Grow room workers at Carrol County Cannabis Company (C4) in Carrollton, Missouri. Credit: C4 Pharms / Instagram

Surprising opponents – and a lawsuit – are coming out of the woodwork against Missouri’s November referendum to legalize adult use cannabis. Although politically, most opponents  seem resigned to the idea that the measure would pass.

“I’m pretty sure it’s going to pass,” said State Rep. Ashley Bland-Manlove, a Democratic legislator from Kansas City who opposes the referendum, known as Amendment 3. “I just want to make sure people know what they’re going to get into. We can’t change it.”

Rep. Bland-Manlove isn’t alone in her criticism of the referendum vote. In fact, Gov. Mike Parson told a gaggle of reporters last week that, “I think that thing’s a disaster.” Asked for more detail, Gov. Parson said, “I think that it could be a real trap.”

Opponents’ biggest concern about Amendment 3 is that, like the state’s 2018 referendum that legalized medical cannabis, it puts detailed rules, such as who can licenses, when, and under what conditions, into the state constitution. In Missouri, constitutional changes require either a majority of the state constitution, or 75% of both houses of the legislature to pass, which is about as close to being carved in stone as you can get.

“It would make sense if we were not dropping an anchor in our constitution, as opposed to language that is much more malleable by the people,” said Brennan England, Missouri Director of Minorities for Medical Marijuana. “Still, each of these cannabis corporations that invested more than $25,000 a piece will continue to invest what they need to get it to pass.”

[Read the Missouri referendum language.]

Also last week, a group of anti-cannabis advocates filed suit in state court to bar Amendment 3 from going on the ballot, arguing that the Secretary of State did not follow proper procedure to validate petition signatures. While the suit is unusual, so was the method of how the signatures were approved, which gives Amendment 3 opponents some hope.

State operators, many of whom played a direct role in writing the language of the referendum’s proposed constitutional amendment, are confident of passage.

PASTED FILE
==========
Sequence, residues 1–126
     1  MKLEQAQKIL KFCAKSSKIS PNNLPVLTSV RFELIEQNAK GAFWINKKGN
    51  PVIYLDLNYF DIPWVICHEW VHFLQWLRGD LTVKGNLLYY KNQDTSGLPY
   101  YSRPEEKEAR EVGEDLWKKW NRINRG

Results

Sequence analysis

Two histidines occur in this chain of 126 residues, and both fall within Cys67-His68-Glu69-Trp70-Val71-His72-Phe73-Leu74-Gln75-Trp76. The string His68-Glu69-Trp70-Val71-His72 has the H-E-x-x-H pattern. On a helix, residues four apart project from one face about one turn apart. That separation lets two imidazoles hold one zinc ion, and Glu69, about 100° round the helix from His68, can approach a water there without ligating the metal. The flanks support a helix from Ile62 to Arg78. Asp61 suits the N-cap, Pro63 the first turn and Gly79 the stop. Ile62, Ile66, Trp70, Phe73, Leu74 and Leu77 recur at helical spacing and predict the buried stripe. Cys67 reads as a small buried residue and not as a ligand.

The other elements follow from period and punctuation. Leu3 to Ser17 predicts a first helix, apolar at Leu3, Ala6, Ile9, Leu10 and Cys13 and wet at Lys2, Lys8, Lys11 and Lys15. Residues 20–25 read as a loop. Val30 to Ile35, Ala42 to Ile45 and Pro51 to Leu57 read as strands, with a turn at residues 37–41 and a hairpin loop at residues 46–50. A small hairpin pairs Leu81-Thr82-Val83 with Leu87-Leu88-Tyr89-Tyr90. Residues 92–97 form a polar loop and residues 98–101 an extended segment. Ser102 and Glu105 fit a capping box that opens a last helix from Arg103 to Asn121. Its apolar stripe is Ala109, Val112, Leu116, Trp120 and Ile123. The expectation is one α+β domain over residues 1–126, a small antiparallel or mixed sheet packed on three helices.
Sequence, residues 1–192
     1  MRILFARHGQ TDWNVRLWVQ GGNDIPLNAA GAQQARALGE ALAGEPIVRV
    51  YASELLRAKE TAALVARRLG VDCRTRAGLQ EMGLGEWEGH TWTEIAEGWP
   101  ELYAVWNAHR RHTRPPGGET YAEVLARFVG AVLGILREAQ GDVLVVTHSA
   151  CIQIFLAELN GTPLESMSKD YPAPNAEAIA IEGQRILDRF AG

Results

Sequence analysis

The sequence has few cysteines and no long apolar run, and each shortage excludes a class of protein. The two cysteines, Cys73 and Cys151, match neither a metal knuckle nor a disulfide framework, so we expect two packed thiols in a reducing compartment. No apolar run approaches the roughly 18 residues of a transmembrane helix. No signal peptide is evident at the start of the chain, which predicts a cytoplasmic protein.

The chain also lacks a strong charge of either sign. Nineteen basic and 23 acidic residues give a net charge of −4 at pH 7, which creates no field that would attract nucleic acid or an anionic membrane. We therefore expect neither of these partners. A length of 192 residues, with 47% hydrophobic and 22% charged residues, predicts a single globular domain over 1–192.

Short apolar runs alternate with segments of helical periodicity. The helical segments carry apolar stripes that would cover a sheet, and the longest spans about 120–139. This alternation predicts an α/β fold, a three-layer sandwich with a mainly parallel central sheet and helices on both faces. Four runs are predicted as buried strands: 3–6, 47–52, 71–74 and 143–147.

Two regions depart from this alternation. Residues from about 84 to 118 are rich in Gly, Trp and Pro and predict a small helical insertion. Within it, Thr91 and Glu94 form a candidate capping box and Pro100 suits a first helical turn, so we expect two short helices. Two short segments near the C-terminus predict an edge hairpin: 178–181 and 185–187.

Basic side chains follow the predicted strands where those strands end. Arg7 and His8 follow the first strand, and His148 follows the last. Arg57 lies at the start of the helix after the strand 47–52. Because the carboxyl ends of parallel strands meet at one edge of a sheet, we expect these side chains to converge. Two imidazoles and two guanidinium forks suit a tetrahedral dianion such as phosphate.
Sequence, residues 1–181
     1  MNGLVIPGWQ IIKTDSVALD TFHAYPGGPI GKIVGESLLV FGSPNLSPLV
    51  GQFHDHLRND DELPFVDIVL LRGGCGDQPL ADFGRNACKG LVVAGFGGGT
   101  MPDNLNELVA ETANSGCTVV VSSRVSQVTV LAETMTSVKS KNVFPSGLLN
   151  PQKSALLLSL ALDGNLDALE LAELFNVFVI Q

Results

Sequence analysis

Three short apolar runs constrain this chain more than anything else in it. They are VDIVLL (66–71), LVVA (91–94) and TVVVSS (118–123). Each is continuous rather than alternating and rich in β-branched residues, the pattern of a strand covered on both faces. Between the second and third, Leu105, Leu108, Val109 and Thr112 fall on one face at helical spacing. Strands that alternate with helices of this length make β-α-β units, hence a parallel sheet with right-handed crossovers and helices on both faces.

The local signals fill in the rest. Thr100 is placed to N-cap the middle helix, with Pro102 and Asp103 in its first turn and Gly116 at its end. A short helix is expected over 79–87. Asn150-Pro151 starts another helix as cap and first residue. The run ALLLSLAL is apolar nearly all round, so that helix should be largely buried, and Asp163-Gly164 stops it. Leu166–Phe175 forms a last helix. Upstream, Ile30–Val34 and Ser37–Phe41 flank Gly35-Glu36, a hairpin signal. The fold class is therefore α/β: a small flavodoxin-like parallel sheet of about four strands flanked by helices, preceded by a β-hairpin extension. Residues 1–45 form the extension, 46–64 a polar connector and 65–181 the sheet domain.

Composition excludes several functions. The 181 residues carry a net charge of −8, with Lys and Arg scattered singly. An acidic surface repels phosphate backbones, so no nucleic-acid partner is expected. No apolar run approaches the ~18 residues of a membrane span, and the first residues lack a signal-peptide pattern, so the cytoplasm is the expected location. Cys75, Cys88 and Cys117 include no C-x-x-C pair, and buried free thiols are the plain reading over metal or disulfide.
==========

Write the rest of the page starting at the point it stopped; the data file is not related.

“We were one of the largest funders of [pro-referendum group] Legal Missouri and assisted some of the drafting of that language,” boasted John Mueller, CEO of Greenlight Cannabis, which has five dispensaries and a grow facility in Missouri. “We have internal polling in the low 60’s for approval rating.” 

Mueller, whose company was operating in Nevada during a similar market shift from medical to legalized adult use, is similarly bullish on what will happen after Amendment 3 passes.

“We’re projecting anything from 2.2 to 2.5 times the current sales on a conservative basis,” he said. The stores on the Illinois side of the [Mississippi] river are doing very well [with Missouri buyers]. We don’t think you’ll see the traffic going east any more.”

“Currently the total market is doing about $400 million annually,” said Ankur Rungta, CEO of C3 Industries, which operates five High Profile dispensaries in Missouri. “I think that goes up probably to $1 billion, maybe 2.5 times, and then I think it ramps up from there. I’ve seen estimates for $1.4 billion over time. I’ve seen higher numbers of 1.6, 1.8 billion over time.”

At this point the state has 191 operating medical dispensaries and 49 cultivators, all of which would be eligible to receive an adult use license soon after referendum passage. That’s a high number of stores per capita – about one for every 32,000 residents. Next door, Illinois just approved 182 new dispensary licenses, which will put the state at about one dispensary for every 40,000 residents.

That high ratio of dispensaries to residents has put intense pressure on prices, along with a stagnating number of patient registrations in 2022. Operators say oversupply and stagnating medical demand is slowing down their industry – they need referendum passage so they can thrive.